At our Minneapolis book tour event, we had a chance to meet the growing team of Worldchanging Twin Cities bloggers. I spent a little time talking to Andi McDaniel about what's worldchanging in Minneapolis, and the first thing she mentioned was the well-established and still thriving co-op system. A number of worker-owned food co-ops have been around for decades in the Twin Cities and continue have successful businesses and function as community hubs. Now a new kind of co-op is sprouting: a garden co-op.
In addition to carrying on the existing cut flower business, the 4,000 square foot store (with greenhouse) plans to offer native, standard, and heirloom vegetable, herb, flower, and prairie seeds and seedlings, hydroponically grown vegetables and herbs, a small farmers’ market, a Community Supported Agriculture drop-off point, a garden tool rental service, and community programming on everyday issues related to urban green living. In the fall and winter months, the store will also offer pumpkins, spruce tips, and Christmas trees..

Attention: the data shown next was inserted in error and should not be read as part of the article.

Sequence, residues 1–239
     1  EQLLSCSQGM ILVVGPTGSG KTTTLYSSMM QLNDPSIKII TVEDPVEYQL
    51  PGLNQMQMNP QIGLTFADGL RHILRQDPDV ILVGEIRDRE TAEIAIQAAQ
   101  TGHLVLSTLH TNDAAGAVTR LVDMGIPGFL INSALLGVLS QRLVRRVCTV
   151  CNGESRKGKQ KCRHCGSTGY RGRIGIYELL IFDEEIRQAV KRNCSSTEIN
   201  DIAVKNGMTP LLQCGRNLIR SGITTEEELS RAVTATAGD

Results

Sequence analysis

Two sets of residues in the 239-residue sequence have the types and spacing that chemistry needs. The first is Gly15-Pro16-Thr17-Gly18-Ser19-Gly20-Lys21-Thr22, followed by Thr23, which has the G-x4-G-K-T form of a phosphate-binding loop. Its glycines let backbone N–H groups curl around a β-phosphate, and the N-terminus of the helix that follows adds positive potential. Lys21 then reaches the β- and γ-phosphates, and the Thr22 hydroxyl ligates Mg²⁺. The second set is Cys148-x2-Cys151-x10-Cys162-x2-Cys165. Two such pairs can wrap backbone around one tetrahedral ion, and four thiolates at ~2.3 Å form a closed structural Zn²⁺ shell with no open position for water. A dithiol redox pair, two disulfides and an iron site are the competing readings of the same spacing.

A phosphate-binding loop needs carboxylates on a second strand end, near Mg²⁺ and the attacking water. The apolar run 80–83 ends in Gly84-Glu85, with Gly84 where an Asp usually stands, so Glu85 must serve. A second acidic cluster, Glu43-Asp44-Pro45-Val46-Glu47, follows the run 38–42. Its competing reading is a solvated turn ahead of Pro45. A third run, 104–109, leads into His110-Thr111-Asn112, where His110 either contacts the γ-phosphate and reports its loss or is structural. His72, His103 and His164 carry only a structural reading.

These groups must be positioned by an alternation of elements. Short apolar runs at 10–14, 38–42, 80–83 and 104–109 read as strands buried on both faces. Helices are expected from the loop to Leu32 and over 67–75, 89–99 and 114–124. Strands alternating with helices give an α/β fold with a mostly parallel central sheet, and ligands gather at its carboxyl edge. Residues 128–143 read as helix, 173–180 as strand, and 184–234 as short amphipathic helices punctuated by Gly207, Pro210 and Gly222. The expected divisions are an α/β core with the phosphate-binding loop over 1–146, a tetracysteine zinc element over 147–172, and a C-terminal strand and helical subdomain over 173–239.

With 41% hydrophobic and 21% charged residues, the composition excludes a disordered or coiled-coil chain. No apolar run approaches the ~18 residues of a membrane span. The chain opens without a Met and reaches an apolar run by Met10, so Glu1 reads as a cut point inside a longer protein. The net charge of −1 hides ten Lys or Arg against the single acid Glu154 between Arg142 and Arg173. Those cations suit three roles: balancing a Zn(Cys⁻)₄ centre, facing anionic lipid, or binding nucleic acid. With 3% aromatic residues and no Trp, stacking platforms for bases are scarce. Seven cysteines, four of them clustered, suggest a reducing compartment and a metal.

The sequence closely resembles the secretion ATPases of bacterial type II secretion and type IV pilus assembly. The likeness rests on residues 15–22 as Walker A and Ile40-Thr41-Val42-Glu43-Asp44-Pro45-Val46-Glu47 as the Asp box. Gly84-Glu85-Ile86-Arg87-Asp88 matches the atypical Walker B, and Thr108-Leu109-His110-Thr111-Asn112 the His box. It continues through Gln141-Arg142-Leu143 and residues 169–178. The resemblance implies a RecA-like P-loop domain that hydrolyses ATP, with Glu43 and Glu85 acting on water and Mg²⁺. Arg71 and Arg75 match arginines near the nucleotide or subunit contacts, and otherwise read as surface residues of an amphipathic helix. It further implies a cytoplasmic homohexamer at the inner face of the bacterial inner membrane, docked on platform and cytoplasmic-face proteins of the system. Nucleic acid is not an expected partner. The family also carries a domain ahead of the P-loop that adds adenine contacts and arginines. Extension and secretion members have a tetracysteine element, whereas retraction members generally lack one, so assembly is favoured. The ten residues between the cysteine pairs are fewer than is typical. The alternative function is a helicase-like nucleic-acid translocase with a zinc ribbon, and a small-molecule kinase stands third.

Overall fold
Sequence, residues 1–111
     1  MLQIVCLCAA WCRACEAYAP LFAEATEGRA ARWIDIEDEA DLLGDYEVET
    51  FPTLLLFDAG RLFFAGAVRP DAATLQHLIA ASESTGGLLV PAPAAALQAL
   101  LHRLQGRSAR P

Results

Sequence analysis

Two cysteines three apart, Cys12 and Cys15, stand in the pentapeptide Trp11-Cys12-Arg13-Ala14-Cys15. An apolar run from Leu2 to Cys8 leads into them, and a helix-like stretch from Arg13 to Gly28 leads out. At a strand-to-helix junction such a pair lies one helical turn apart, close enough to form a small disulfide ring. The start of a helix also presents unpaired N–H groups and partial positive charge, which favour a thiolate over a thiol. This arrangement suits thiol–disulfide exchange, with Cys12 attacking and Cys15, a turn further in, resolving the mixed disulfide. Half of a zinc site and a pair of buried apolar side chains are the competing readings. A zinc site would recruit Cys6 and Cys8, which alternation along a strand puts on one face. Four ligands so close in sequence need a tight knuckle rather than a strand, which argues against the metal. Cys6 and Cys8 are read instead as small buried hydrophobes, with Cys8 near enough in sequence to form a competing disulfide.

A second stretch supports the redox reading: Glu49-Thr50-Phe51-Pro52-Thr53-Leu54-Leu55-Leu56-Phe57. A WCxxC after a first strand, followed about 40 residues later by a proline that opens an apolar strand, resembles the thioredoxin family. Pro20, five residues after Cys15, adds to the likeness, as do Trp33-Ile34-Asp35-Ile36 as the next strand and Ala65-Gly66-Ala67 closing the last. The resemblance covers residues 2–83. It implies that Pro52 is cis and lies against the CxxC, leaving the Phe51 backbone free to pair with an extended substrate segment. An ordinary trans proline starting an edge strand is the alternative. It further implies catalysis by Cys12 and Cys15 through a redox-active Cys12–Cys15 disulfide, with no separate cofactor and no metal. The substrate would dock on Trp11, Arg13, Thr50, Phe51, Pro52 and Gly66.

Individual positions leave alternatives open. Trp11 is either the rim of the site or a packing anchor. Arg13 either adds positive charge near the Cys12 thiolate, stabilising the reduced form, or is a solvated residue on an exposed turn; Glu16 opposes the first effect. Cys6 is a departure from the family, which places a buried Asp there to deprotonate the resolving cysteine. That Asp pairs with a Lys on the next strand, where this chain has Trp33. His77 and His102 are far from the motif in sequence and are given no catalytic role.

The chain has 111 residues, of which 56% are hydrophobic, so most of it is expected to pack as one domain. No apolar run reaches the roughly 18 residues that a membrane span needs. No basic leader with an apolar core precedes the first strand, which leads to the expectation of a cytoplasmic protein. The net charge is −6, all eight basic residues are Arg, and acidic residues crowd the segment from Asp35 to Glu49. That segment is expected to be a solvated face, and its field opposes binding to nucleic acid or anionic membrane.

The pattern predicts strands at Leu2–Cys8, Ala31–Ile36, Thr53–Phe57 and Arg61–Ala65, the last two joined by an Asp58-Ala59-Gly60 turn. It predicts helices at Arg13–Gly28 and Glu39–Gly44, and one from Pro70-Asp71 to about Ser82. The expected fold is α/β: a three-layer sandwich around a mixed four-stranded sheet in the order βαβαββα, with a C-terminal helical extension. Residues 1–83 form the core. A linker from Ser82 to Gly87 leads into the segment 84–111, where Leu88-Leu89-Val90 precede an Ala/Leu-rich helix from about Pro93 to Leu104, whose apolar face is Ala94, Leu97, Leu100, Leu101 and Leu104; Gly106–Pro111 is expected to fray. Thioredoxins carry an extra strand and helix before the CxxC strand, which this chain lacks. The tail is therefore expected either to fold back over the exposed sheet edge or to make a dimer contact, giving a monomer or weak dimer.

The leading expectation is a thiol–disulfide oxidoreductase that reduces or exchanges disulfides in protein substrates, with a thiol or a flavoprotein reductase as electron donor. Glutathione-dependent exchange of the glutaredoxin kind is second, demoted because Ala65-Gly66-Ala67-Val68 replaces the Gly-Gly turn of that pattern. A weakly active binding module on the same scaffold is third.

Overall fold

With food stores being the most prevalent type of co-op around these days, it's nice to see the model being used to offer a different kind of service to the community. Having spent years shopping at the Rainbow Grocery Cooperative in San Francisco, and borrowing tools at the Oakland Tool Lending Library, I'm already on board with the value of these kinds of places to the surrounding neighbors. And a particularly cool added bonus from Urban Earth is flower delivery...I wonder if they deliver by bike or biofuel.
Thanks for the tip, Andi!